Four Mal­dives’ election of­fi­cials flee to Sri Lanka, cit­ing threats

Times of Oman - - WORLD -

COLOMBO: In­tim­i­da­tion and threats drove four mem­bers of an election panel in the Mal­dives to flee the is­land na­tion, two of­fi­cials said on Satur­day, a day be­fore its top court hears de­feated pres­i­dent Ab­dulla Yameen’s chal­lenge to his election loss last month.

The tourist par­adise has been in po­lit­i­cal up­heaval since Fe­bru­ary, when a state of emer­gency was im­posed by Yameen, who ran the In­dian Ocean is­lands with an iron hand, crit­ics say, jail­ing po­lit­i­cal op­po­nents and Supreme Court jus­tices.

Since Yameen lost his bid for re­elec­tion, the op­po­si­tion has been try­ing to se­cure a smooth tran­si­tion of power, due on Novem­ber 17.

Four mem­bers of the Mal­dives Elec­tions Com­mis­sion have fled and three are in the Sri Lankan cap­i­tal of Colombo, leav­ing be­hind just one panel mem­ber, two of the Mal­di­vian of­fi­cials told Reuters on con­di­tion of anonymity.

“We left due to threats,” said one, who asked not be iden­ti­fied, for fear of a risk to his life.

Yameen’s party dis­missed the threat ac­cu­sa­tions, say­ing the election of­fi­cials left be­cause of pub­lic out­rage sparked by the leak of an au­dio record­ing about poll rig­ging. “So they say,” Mo­hamed Hus­sain Sha­reef, sec­re­tary gen­eral of the Pro­gres­sive Party of Mal­dives (PPM), told Reuters.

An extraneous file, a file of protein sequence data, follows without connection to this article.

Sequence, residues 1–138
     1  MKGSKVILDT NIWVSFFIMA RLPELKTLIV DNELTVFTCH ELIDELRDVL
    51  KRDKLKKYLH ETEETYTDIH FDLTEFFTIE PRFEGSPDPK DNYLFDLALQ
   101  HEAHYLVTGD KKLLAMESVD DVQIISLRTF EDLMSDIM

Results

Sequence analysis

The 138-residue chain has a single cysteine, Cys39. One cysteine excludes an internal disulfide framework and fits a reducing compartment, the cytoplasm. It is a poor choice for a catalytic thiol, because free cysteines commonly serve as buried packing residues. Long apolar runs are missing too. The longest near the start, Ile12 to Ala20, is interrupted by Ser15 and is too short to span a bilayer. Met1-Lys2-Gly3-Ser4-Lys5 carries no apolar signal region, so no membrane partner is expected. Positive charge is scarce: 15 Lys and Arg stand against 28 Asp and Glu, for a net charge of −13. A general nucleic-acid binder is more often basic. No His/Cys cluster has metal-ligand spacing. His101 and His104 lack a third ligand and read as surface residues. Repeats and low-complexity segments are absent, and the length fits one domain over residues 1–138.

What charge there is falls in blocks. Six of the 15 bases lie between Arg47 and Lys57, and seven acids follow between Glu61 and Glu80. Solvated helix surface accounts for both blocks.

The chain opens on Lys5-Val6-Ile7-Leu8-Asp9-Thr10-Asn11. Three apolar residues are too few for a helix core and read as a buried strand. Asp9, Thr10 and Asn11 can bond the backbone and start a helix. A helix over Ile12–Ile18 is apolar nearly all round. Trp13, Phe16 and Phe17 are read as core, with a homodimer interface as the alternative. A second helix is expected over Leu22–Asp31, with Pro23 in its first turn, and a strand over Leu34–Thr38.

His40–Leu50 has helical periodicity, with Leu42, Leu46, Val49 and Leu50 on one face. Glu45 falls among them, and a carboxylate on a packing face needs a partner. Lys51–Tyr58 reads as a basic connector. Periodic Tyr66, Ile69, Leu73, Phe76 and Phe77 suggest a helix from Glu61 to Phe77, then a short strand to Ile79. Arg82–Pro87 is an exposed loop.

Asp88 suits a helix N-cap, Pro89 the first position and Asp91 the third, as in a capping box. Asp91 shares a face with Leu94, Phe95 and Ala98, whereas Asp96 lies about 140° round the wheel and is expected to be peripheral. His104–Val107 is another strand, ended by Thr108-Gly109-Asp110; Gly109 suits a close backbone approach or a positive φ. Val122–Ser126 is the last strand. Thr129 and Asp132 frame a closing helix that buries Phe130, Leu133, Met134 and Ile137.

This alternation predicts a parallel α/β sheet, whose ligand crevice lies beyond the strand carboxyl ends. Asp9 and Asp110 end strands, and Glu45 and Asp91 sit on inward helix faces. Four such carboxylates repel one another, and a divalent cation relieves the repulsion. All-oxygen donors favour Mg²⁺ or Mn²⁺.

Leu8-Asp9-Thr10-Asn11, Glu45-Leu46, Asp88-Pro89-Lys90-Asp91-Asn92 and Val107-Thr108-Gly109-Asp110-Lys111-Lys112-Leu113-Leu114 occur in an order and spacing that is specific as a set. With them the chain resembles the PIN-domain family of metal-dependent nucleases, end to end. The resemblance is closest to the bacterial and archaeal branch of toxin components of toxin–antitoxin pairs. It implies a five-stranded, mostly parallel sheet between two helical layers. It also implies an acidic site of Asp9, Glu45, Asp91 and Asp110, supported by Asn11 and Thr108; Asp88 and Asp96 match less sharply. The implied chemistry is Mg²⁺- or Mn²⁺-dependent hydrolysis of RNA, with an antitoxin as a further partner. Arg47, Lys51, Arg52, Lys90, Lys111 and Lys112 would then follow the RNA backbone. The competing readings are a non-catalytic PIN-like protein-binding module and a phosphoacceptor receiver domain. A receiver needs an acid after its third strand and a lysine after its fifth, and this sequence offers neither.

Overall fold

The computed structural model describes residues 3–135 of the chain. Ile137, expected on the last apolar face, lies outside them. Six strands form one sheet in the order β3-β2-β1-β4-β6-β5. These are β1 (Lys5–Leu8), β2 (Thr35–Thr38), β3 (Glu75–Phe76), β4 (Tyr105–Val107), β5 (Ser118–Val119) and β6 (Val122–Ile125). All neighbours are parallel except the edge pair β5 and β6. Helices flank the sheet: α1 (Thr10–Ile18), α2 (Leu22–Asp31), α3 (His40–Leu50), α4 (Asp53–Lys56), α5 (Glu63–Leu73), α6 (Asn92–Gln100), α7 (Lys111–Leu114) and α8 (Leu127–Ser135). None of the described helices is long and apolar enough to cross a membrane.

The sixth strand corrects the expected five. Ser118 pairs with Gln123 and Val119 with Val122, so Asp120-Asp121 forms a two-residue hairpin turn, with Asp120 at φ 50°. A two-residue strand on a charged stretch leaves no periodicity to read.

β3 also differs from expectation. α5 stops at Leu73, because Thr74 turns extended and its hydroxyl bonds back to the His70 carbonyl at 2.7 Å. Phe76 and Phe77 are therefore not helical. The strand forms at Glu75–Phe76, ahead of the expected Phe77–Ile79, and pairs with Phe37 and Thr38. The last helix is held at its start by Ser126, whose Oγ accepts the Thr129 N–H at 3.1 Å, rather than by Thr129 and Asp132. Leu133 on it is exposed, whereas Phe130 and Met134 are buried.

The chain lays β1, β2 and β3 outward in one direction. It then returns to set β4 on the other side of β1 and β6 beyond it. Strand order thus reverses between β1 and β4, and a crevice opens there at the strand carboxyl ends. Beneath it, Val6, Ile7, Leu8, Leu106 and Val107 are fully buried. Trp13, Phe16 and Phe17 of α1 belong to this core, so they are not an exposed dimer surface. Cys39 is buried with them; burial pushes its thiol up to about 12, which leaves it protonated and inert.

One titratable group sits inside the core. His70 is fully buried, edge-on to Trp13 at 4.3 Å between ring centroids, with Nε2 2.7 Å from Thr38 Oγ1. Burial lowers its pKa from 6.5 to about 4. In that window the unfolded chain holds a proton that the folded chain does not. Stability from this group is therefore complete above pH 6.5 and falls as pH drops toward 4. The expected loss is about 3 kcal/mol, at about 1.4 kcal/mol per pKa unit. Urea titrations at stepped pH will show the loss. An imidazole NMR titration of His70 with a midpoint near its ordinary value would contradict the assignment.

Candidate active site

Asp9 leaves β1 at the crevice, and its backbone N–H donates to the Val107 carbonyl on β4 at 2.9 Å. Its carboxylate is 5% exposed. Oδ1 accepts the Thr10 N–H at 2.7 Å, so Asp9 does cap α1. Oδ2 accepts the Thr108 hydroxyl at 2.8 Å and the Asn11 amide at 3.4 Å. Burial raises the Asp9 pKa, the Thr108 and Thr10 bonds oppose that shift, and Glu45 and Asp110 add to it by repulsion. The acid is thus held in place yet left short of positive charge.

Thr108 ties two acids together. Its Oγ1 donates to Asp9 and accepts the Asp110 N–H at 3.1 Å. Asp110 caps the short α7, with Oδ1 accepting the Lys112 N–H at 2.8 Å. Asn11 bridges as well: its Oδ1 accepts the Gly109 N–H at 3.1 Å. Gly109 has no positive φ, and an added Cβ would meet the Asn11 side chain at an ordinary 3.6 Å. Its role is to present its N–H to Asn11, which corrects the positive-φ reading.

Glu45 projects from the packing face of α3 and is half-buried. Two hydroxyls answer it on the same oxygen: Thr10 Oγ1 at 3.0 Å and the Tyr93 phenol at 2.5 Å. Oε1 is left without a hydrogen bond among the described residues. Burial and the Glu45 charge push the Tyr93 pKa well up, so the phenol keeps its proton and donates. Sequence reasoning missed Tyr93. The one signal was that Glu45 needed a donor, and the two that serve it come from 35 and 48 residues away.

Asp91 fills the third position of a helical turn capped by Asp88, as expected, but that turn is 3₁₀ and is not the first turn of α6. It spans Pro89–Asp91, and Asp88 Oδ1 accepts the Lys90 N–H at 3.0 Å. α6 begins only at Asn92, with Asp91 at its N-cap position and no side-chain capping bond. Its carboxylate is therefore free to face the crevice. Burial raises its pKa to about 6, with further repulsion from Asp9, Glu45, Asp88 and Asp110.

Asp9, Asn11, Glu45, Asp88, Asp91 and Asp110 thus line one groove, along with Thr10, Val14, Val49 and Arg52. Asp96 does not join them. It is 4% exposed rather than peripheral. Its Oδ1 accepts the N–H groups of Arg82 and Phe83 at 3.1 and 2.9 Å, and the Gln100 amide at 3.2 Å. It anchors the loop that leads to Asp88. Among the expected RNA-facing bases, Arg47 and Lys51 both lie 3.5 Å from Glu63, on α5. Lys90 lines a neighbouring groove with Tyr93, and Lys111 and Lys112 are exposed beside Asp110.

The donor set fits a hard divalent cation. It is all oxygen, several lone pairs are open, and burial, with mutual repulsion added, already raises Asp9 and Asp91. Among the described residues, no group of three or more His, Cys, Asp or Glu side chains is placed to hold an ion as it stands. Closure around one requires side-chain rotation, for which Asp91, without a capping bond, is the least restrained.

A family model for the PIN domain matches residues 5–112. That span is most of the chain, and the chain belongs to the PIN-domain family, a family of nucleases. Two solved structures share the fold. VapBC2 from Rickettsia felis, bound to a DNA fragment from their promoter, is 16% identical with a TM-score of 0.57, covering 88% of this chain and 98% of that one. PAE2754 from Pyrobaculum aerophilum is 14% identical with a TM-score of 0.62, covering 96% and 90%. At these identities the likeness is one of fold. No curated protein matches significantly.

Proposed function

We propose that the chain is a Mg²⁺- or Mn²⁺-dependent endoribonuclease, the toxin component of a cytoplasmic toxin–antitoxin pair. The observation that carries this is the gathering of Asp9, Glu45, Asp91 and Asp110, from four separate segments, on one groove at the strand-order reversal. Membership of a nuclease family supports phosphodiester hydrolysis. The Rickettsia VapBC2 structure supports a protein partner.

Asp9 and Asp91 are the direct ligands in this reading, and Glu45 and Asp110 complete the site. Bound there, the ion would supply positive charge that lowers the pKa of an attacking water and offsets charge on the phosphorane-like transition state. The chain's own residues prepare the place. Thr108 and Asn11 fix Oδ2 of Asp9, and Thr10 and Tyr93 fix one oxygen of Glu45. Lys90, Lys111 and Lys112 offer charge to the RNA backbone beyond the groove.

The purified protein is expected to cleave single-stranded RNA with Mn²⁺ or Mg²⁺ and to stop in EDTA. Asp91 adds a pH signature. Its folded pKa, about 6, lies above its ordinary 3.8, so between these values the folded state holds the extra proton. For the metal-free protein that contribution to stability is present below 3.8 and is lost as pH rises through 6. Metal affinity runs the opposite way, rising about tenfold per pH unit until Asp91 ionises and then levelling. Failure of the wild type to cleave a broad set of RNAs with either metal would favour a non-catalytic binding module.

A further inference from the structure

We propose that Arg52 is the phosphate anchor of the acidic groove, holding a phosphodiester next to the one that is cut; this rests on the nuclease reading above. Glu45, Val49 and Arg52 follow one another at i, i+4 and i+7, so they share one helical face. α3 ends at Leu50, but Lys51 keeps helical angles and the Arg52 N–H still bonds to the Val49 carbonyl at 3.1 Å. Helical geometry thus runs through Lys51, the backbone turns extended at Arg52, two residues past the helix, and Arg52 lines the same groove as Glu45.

“When in fact they left be­cause of pub­lic out­rage fol­low­ing a leaked au­dio about rig­ging. They are re­fus­ing to clar­ify.”

The of­fi­cials’ ac­cu­sa­tions fol­low do­mes­tic me­dia re­ports of a com­plaint to po­lice by the com­pany that printed the bal­lots, say­ing the PPM sought to bribe its em­ploy­ees to pro­vide false state­ments that backed Yameen’s chal­lenge.

Yameen’s party called the com­plaint “lu­di­crous”, say­ing it was a tac­tic to di­vert at­ten­tion from the court case.

Con­ceded de­feat

Yameen con­ceded de­feat in last month’s election af­ter an of­fi­cial count showed joint op­po­si­tion leader Ibrahim Mo­hamed Solih had polled 16.8 per cent more votes in a sur­prise re­sult.

The Election Com­mis­sion said the vote had been free and fair, with turnout of 89.2 per cent.

But on Wed­nes­day, his lawyers ap­proached the Supreme Court, say­ing sup­port­ers had com­plained about rig­ging of votes and fraud­u­lent bal­lot pa­pers. With its lo­ca­tion near key ship­ping lanes, the Mal­dives has be­come im­por­tant as China and In­dia com­pete for re­gional in­flu­ence. China is build­ing up the is­lands’ in­fra­struc­ture in its Belt and Road Ini­tia­tive to boost trade and trans­port links across Asia.

- Reuters file

PO­LIT­I­CAL CRI­SIS: Mal­di­vians travel on the China-funded Si­na­male bridge in Male, Mal­dives.

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